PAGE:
As the Federal Reserve raises interest rates, savings account rates are increasing. People can now earn at least 4.97 percent on their savings. According to Forbes, the national savings interest rate has increased sixfold over the past year.
Savings Goals Still Unmet
Despite current interest rates being at a 15-year high, however, people still fail to meet their saving goals. A new ranking by DollarGeek has identified the states in the United States that are the most behind in meeting their recommended retirement savings objectives.
The average state is 44 percent behind its savings goal, using the current cost of living as a benchmark. In addition, the average sum required to retire in the US is $760,476, after Social Security income, while the typical American has just $427,918 in savings.
The recommended retirement sum for each state differs based on the annual cost of living. Hawaii currently has the highest recommended retirement sum of $1.8 million. At the same time, Mississippi residents can expect to retire after saving a comparatively modest $505,346.
10 States Furthest Away From Recommended Retirement Savings
Hawaii has the highest percentage savings shortfall at 80 percent, with only $366,776 in actual savings compared to the recommended retirement savings of $1,813,768. New York follows closely with a 70 percent savings shortfall, and California comes in third with a 63 percent savings shortfall.
The District of Columbia, Massachusetts, Oregon, Rhode Island, Maine, Utah, and North Dakota also have significant savings shortfalls ranging from 53 percent to 59% percent.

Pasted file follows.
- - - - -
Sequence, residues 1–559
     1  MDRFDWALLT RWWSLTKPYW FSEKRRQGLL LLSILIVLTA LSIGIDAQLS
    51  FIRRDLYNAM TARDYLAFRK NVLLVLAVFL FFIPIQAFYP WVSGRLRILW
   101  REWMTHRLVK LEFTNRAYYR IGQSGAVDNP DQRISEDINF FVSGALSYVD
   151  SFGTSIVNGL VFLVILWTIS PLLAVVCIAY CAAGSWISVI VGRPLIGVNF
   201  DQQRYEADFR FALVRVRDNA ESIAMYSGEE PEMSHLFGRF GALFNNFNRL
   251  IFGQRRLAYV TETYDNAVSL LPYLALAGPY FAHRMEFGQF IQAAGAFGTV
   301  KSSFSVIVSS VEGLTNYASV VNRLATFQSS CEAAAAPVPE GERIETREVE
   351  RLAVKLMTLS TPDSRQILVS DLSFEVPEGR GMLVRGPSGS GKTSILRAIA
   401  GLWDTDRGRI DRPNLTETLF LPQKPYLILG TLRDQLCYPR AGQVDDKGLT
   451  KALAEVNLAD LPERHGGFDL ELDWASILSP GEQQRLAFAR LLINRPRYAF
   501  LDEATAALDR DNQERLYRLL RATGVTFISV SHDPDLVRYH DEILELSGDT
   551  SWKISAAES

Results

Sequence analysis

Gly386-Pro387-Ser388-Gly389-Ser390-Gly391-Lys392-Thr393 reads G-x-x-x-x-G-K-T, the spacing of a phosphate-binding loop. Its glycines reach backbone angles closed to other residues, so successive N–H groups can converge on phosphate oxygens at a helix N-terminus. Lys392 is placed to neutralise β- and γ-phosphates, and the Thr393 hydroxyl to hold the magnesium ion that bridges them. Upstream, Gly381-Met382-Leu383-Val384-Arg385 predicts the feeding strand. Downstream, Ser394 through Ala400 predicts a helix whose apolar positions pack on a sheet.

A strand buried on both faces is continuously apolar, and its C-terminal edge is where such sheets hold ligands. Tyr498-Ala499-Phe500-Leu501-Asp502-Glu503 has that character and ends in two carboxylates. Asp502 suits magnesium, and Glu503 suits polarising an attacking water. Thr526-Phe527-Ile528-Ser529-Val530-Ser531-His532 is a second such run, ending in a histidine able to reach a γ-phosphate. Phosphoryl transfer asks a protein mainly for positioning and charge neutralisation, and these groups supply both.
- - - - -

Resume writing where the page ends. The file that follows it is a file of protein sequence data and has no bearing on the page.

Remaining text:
These numbers suggest that many residents in these states may struggle to achieve financial security during retirement. Several factors may contribute to the savings shortfall, including the high cost of living, low wages, lack of access to retirement plans, and inadequate retirement planning.
Cost of Living Impacts Retirement Readiness
The exorbitant cost of living in Hawaii, which is 88 percent higher than the national average, may make it difficult for residents to save for retirement.
In contrast, states with reduced living costs, such as Iowa, which is 9 percent below the national average, may have an easier time saving for retirement. Unsurprisingly, Iowa records a 20 percent savings shortfall, ranking number two right after Kansas (with a 17 percent savings shortfall) for states closest to recommended retirement savings. Georgia, Michigan, New Mexico, South Carolina, Alabama, Ohio, Texas, and Kentucky also make this list.
This Is How Much You Need To Be Saving for Retirement
Derek Sall, Founder and Lead at Life And My Finances, says that while the average retirement savings may be at $429k, the median amount is much lower–somewhere around $100k for those between the ages of 45-54 years old, which means the numbers (unfortunately) are bleaker.
Sall attributes these gross savings deficits to people's inability to begin earning income as early as they ought to. According to the financial expert, we are commencing our working lives much later and significantly further behind our parents' and grandparents' generations.